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Watering Strategies for Large Pots

If you are growing in bigger containers or pots – 2 gallons or more – chances are you’re watering much less often than a grower in a small pot or block. Because of this, monitoring runoff and making adjustments to the next feeding is critical to a healthy garden.

In this section we will discuss the best watering techniques for larger containers. If you are growing in rockwool cubes or smaller pots – 1 gallon or less – please follow the watering strategies found here instead.

Every watering we do in a cube, pot or container should always be to runoff. Runoff is extremely valuable data and unless you’re watching it, issues can be just around the corner.

Runoff provides a better picture of what the roots are living in. Just because you feed a nutrient solution at let’s say 900 PPM (1.8 EC), doesn’t mean the roots are living in 900 PPM as well. It’s very possible nutrients are accumulating and the PPM/EC of the root zone is increasing.

The chart below is a great runoff guide when growing in large containers:

perfect grower runoff chart

After you mix any recipe from our feeding charts, you will use a meter to test the overall EC / PPM of the mixture. Whatever the recipe measures out to is the “Full Strength Nutrient Target” found on the top of this chart. If you need help converting PPM into EC, please use the chart here.

The left hand side of this chart is your runoff measured in EC. If you need more information on collecting runoff properly, please click here. Next, match your runoff EC value with your nutrient solution EC and find where the two intersect in the chart.

Green Zone

If you fall into the green zone, everything is good. You don’t need to adjust anything and you can continue on with another full strength feeding.

Yellow Zone

If you fall into the yellow zone, things are just beginning to accumulate. If you do another full strength feed, there’s a good chance you’ll push the plants into the red zone. If you are in this yellow section, you want to dilute or reduce your next feeding to 1/3, 1/2 or 3/4 strength.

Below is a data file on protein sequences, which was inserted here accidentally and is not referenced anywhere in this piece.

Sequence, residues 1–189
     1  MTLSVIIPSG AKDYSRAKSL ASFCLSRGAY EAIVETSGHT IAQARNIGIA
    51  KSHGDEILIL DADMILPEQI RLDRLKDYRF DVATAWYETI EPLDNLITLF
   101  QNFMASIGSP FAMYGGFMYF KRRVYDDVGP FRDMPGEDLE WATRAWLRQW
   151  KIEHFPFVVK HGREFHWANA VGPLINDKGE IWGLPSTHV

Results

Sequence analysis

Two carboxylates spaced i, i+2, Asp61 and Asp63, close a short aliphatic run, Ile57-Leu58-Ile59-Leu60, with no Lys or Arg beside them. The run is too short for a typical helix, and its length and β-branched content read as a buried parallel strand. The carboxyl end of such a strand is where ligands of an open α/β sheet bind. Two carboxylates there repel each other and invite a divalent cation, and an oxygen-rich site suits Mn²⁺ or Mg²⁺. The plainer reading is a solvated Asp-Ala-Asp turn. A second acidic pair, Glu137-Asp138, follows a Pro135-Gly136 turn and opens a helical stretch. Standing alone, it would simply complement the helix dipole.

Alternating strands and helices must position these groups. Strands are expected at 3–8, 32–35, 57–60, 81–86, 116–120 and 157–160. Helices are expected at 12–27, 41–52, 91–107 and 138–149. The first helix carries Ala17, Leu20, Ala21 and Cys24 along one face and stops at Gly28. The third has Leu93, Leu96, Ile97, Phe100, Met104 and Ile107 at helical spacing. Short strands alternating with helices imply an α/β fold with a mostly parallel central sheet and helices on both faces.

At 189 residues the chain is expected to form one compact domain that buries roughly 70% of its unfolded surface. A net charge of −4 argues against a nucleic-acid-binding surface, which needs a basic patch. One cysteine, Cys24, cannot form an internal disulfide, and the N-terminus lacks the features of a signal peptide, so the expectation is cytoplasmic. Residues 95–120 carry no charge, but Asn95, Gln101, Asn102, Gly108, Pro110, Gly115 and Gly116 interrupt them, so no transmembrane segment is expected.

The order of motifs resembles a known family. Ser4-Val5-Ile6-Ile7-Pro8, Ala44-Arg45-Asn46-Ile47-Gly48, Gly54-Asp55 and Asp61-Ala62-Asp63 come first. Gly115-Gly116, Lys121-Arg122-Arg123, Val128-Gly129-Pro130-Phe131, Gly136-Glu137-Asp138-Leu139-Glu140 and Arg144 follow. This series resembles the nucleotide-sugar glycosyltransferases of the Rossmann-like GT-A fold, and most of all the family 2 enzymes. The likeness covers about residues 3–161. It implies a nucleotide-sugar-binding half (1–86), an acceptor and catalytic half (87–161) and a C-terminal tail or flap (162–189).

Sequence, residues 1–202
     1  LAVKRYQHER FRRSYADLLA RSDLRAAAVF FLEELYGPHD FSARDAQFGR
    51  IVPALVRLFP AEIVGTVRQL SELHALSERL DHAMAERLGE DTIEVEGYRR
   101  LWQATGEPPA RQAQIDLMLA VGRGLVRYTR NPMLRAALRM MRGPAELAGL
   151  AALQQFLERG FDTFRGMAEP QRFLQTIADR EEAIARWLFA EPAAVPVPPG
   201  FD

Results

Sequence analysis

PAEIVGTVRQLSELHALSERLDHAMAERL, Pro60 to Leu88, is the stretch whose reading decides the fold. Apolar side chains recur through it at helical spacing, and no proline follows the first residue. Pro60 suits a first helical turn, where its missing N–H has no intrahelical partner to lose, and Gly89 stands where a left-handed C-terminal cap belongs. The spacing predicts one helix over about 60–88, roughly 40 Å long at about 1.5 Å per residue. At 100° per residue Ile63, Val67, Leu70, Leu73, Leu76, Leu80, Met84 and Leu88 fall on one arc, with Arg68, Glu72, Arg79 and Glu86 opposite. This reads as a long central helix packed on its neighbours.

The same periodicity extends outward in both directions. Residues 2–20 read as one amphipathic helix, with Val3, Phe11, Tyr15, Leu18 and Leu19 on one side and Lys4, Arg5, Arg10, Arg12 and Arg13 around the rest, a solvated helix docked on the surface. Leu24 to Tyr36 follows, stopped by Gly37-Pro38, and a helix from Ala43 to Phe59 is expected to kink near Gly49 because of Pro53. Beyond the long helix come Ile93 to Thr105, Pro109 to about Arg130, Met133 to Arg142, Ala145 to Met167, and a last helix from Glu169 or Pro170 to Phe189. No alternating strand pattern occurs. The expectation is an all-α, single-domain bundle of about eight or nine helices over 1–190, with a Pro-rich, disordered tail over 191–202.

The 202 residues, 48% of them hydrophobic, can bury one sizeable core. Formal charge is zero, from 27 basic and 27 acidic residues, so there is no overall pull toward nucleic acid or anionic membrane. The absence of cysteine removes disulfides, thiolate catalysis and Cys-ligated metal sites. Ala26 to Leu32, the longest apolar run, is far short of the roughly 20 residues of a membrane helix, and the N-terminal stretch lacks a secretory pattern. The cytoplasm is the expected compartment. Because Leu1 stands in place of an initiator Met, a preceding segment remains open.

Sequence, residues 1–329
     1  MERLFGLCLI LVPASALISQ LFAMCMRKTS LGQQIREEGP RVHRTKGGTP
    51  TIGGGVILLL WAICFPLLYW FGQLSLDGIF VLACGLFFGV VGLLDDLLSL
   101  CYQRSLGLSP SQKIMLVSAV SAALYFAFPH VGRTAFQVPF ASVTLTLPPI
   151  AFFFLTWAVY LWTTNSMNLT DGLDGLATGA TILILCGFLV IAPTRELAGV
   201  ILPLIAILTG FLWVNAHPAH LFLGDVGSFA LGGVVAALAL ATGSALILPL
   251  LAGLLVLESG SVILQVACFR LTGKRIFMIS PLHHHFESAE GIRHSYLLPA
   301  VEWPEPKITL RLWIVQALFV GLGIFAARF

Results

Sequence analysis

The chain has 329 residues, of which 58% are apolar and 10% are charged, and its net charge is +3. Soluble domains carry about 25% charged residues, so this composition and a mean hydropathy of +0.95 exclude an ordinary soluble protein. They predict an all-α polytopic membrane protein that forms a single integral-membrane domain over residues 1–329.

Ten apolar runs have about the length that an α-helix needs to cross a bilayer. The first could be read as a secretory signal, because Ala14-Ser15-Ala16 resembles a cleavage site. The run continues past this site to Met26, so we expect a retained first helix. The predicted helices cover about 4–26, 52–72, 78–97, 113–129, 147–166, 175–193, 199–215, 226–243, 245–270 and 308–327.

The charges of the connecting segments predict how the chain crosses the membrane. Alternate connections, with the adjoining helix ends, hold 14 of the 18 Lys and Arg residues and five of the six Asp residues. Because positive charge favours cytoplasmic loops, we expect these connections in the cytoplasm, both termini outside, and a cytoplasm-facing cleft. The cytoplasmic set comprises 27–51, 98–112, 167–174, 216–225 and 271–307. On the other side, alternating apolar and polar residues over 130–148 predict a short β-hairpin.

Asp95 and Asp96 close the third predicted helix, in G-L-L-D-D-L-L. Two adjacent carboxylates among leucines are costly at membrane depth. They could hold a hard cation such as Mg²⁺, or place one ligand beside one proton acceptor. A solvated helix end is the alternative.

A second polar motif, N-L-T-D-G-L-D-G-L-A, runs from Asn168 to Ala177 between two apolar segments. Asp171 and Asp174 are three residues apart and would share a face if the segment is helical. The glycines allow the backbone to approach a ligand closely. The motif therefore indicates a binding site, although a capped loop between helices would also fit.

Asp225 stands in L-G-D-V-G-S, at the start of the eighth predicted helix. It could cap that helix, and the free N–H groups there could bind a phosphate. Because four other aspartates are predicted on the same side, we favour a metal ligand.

You can do this by adding fresh water to your full strength mix and lowering the overall PPM/EC. If you are mixing a fresh batch, reduce every product by the same amount – for example, reduce every product by 50% – and mix up a new reservoir. This reduced feed will dilute the root zone and get the plants back into the sweet spot.

The goal of this reduced feed is to dilute the root zone and get runoff back down very close to your original “Full strength nutrient feed” value. It’s important not to dilute it too much or you’ll risk the plants being under-fed and hungry. How much you dilute the next feed will take some getting used to but with a little time and practice, you’ll get the hang of it in no time. After you’ve done a diluted correction, you’ll want to switch back to a full strength feeding next watering. Rise, wash and repeat!

Red Zone

If your runoff is in the red zone that says “increase”, your nutrient strength is too light. In this case, increase the strength of your feed using the guidelines and recommendations found on our feeding charts.

If your runoff is in the red zone that says “water”, there’s a lot of accumulation and signs of “lockout” or EC / PPM stress will show soon. In a situation like this, don’t panic and flush everything back to zero. What you want to do is feed fresh pH’d water until the runoff is diluted back down to the same EC / PPM of your normal nutrient feed. Feeding too much water will dilute things too far and the plants will go from over-fed to hungry and under-fed.

After the root zone has been diluted and corrected, make sure the next feeding is back to full strength and continue to monitor and make adjustments as necessary.

Updated on December 10, 2019

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